The researchers are “red card certified,” which means they have been trained in fire safety. This allows them to gain access to large wildfire events where other scientists are not able to go. Lareau himself has extensive experience in dangerous wilderness settings, having earned a graduate degree in mountain meteorology and worked as a weather observer at the Mount Washington Observatory in New Hampshire, where the world’s strongest wind gust — 231 miles per hour — was recorded.

Already, the researchers have used the Doppler Lidar, which uses light to judge distance, to observe large wildfires that featured rotating currents of rapidly rising air, a phenomenon more frequently seen in tornado-producing thunderstorms. This phenomenon was seen at the Stoney Fire in California in July, according to the research group’s blog.

These rotating updrafts can lead to “firenadoes,” which have lit up the Internet this year. “Sometimes strong updrafts generated above the fire acquire rotation,” Lareau told Mashable. “The vigorous convergence and ascent in the plume concentrates and stretches some spin from the environment. The result is a vortex that can reach the strength of small tornadoes. This can lead to rapid and unpredictable fire spread and threaten firefighter safety.”

On June 30 of last year, the Yarnell Hill fire in Arizona rapidly changed direction and overcame the position of 20 Granite Mountain Hotshot firefighters. All but one, who had held a lookout position, were killed. This kind of research may be helpful in future situations like that, by improving predictions of fire behavior.

The researchers have also documented cases where a fire’s upwardly moving column of air, like the exhaust from a car’s engine, broke through a barrier and into a stable layer of air aloft, such as an area of ocean-dominated air known as the marine layer. Marine layers are common in southern California, where wildfires are notoriously fickle.

“Once the updraft from the fire is free of this “lid” it can explode upward,” Lareau says. “The rapid ascent can change the dynamics of the fire by rapidly drawing more air into the area that is burning. The fire may intensify and move in a new direction.”

Lareau says the research team has not yet analyzed all the data it gathered from the Oregon Gulch event on Saturday, “but the pictures speak for themselves.”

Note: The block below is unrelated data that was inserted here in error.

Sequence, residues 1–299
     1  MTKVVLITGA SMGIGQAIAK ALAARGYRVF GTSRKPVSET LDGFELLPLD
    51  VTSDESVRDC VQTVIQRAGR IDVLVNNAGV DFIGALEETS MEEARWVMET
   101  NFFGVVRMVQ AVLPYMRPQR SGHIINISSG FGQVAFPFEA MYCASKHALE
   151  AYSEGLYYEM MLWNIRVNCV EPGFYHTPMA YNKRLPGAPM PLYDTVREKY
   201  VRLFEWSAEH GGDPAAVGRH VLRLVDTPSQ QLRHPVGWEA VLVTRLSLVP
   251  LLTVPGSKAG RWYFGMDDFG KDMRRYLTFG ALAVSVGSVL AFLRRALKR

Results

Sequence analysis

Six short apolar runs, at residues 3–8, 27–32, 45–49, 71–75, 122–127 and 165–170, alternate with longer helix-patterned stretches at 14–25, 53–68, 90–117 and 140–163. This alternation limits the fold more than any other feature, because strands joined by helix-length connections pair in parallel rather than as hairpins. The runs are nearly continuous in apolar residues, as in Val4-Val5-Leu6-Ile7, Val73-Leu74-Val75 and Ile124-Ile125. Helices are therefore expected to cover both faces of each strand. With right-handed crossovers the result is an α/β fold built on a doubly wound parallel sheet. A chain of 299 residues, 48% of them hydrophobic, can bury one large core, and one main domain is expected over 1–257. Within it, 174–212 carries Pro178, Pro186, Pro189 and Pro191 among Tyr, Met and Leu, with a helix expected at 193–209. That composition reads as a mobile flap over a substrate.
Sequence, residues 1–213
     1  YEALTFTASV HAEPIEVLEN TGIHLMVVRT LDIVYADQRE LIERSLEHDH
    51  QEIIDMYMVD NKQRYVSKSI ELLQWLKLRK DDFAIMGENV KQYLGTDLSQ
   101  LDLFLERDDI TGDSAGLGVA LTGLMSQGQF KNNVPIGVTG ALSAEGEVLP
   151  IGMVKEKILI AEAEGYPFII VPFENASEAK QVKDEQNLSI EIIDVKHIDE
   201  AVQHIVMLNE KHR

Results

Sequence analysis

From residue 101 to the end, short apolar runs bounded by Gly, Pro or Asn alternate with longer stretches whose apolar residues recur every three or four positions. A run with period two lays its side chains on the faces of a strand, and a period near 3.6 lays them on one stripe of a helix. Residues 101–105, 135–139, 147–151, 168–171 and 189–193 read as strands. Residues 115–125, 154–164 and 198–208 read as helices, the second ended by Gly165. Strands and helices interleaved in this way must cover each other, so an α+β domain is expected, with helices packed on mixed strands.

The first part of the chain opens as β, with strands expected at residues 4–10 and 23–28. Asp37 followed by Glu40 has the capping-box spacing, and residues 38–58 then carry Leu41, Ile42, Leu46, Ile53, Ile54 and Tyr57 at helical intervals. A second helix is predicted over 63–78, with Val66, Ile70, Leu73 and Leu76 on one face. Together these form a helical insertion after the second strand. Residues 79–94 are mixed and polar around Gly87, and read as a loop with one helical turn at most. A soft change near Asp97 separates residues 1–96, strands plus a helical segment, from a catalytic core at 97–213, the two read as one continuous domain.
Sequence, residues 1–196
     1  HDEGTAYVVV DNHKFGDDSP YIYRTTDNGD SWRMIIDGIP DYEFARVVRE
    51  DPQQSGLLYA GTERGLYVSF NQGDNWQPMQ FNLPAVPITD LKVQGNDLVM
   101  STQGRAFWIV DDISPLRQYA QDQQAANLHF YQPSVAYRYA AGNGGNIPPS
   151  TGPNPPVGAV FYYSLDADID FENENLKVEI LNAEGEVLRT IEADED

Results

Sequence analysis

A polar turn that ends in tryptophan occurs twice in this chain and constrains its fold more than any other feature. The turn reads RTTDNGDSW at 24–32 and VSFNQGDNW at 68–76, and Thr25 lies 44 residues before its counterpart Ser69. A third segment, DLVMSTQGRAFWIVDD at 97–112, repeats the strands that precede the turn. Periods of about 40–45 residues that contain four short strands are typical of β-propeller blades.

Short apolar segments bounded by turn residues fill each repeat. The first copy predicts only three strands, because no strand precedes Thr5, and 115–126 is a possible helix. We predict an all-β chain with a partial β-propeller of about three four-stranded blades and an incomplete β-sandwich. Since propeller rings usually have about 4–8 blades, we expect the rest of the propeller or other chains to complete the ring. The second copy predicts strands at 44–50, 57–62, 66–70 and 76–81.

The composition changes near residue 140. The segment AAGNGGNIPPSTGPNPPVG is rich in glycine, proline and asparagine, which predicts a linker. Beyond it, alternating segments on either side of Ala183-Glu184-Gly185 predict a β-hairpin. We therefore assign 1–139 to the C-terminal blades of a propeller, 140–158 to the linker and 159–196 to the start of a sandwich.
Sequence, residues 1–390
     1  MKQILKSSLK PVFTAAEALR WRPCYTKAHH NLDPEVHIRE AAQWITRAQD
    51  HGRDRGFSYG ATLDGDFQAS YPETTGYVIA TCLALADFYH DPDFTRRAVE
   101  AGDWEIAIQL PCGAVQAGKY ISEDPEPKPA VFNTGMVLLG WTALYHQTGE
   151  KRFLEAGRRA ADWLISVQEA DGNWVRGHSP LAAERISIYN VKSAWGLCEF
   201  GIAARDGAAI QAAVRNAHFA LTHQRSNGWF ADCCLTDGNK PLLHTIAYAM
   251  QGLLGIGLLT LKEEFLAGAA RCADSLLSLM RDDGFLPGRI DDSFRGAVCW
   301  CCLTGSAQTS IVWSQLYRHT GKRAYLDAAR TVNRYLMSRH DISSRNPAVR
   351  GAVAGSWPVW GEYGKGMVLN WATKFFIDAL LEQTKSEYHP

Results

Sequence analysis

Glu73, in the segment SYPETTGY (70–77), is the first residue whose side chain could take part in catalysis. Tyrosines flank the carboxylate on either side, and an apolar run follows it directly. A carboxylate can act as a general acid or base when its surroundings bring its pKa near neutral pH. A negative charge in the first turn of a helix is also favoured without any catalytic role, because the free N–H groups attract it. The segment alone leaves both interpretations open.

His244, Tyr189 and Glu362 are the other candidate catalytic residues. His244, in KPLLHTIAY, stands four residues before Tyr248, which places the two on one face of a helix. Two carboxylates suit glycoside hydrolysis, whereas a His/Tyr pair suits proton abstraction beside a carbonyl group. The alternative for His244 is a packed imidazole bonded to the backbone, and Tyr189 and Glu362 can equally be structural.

Lidar view of a convective plume of smoke from a wildfire growing rapidly after penetrating a stable layer of air above it. This was taken at the Butts Fire in California in July.
Source: San Jose State University

Pyrocumulus clouds aren’t just important for firefighters to keep a wary eye on. They are also important players in the Earth’s climate. Studies have shown that so-called “plume-dominated” fires that feature pyrocumulus clouds are able to loft enough soot and other particles up to the height where jet aircraft typically fly that they can influence the amount of solar energy that reaches Earth’s surface. In addition, large fires can transport dark particles such as soot to highly reflective surfaces, such as the Greenland ice sheet.

Once soot is deposited onto ice, it causes more solar energy to be absorbed, thereby speeding up the melt process. In late July and early August, satellites spotted smoke from Canadian wildfires drifting across Hudson Bay toward Greenland.

Although this has not been an unusually active wildfire season so far, California in particular is facing a unique combination of combustible ingredients, with a record drought combined with record heat and a rare uptick in monsoon-related thunderstorms that have struck everywhere from Los Angeles to the high-elevation forests in the northern part of the state. Thousands of lightning strikes associated with thunderstorms across the tinderbox-dry state have ignited fires while also unleashing deadly mudslides.

More fires are likely to erupt in the coming months, with the peak of the California season looming in the fall.

Pyrocumulus cloud observed by Oregon National Guard F-15 fighter jets.
Source: Oregon National Guard